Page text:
at the end of the year.
- Travel - the best bike may be 100 miles
away so be prepared to travel, the wider
the search the more potential for a bargain.
- Latest models - unless you have more money
than sense, get a bike that is 2-3 years
old, after the majority of the depreciation
has already been lost.
- Speeding fines - if you value your licence
and wallet take care in built up areas,
even a few miles over the speed limit can
mean a £60 fine and three points,
any more and your insurance will be seriously
affected (around 25% for convicted riders).
- Security - approved locks and alarms may
result in lower premiums and less chance
of getting your bike nicked which has serious
implications to your wallet, firstly the
insurance excess, let alone the hassle.
- Haggle - don't be afraid to haggle when
buying from a dealer or prvately. Have a
price in mind and start low and work from
- Damaged repairable - if you are careful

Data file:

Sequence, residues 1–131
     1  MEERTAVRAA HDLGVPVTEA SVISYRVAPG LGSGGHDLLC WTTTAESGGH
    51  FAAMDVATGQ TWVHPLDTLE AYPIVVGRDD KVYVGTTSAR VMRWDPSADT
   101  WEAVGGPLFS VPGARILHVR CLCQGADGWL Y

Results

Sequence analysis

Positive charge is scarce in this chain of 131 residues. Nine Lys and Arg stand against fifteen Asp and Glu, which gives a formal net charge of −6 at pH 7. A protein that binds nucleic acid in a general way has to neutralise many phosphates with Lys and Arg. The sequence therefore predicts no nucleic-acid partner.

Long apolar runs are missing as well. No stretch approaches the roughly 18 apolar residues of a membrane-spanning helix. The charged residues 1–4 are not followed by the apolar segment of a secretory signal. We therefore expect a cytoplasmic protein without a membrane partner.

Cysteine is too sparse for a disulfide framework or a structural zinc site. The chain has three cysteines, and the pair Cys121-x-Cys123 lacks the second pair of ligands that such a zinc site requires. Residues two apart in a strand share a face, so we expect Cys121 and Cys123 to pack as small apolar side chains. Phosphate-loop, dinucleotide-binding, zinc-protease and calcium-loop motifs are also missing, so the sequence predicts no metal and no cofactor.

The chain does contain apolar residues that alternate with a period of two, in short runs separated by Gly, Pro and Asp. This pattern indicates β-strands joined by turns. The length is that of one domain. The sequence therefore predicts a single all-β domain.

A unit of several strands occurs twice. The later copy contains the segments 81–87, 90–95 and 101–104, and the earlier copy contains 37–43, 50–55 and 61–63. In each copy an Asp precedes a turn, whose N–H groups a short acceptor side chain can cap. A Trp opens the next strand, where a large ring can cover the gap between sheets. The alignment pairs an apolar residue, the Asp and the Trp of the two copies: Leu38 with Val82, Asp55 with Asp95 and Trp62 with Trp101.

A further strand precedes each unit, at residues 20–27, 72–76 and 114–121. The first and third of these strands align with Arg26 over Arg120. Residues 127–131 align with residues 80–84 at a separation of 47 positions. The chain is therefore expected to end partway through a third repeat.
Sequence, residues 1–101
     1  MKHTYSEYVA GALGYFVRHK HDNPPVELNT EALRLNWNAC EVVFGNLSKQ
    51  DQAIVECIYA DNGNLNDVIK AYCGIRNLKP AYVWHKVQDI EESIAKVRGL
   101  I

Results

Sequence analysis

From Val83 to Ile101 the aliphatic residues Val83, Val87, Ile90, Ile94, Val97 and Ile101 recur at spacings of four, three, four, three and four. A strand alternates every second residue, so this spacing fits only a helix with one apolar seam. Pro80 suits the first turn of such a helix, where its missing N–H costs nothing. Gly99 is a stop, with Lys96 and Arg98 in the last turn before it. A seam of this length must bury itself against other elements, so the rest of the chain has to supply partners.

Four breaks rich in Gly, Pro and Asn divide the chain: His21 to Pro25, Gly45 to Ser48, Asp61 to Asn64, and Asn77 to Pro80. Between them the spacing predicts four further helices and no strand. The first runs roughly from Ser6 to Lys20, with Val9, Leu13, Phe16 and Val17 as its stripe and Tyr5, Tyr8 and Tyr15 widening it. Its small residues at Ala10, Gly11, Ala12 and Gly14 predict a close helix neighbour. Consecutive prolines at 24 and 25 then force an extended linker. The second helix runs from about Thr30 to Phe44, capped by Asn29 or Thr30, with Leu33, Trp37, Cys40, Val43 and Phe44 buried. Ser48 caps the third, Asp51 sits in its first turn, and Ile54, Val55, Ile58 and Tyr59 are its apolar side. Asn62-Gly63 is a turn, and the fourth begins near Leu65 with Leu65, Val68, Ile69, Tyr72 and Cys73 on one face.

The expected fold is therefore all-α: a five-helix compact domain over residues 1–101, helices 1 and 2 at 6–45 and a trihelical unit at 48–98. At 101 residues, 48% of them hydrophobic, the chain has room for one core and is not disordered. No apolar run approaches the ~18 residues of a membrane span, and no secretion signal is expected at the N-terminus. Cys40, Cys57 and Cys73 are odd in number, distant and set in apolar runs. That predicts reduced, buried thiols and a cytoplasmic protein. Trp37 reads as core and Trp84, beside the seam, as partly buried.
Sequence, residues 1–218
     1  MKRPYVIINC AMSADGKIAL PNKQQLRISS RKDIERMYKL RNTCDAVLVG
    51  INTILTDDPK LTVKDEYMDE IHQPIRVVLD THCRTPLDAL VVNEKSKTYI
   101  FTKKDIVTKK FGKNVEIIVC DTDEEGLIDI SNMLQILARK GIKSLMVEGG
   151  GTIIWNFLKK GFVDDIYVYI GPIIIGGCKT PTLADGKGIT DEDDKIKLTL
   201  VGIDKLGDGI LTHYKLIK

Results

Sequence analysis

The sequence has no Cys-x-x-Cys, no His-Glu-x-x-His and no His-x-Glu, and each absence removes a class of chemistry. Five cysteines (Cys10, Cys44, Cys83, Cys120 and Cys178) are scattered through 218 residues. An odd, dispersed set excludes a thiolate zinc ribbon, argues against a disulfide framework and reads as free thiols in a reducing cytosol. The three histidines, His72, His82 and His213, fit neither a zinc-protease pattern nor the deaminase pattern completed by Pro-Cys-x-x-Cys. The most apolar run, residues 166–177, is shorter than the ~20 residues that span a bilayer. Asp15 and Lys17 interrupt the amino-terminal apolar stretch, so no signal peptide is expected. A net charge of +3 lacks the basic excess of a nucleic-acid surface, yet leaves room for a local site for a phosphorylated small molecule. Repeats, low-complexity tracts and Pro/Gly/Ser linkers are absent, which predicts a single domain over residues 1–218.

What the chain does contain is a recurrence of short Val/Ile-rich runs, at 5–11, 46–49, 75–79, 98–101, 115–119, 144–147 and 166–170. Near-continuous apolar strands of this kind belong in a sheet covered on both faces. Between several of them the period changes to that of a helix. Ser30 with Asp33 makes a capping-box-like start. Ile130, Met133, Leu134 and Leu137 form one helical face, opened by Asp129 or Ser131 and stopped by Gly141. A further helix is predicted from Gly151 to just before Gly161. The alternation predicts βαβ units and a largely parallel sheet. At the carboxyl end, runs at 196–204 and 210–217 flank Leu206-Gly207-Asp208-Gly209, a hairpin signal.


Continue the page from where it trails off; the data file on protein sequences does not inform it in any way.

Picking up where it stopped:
and use professional services (when necessary,
eg, frame alignment, fork straigtening)
you can save a packet but do your homework
first and make sure you will make a genuine
saving and it doesn't turn out to be your
worst nightmare. If the bike has been recorded
as a write off, then it will be difficult
to shift when selling it on.
- Ex-race school bike - much better than
an ex-race bike as it will be kept in standard
spec and usually they will have negotiated
a low price from the manufacture and are
able to sell on at a lower price.
- Cold starting - driving away while the
engine is still cold causes premature wear
to mechanical parts, which can be expensive
when it's time for repair. Don't put the
engine under undue pressure until the engine
- Sticky rubber - unless you have your knee
down at every corner, expensive rubber can
be a waste, as the temperature in the tyre
will not be enough to get the real benefit
from them (especially if you ride in the
UK). Ask your local garage for advice on
tyres, a resonable, long lasting tyre doesn't
have to be expensive.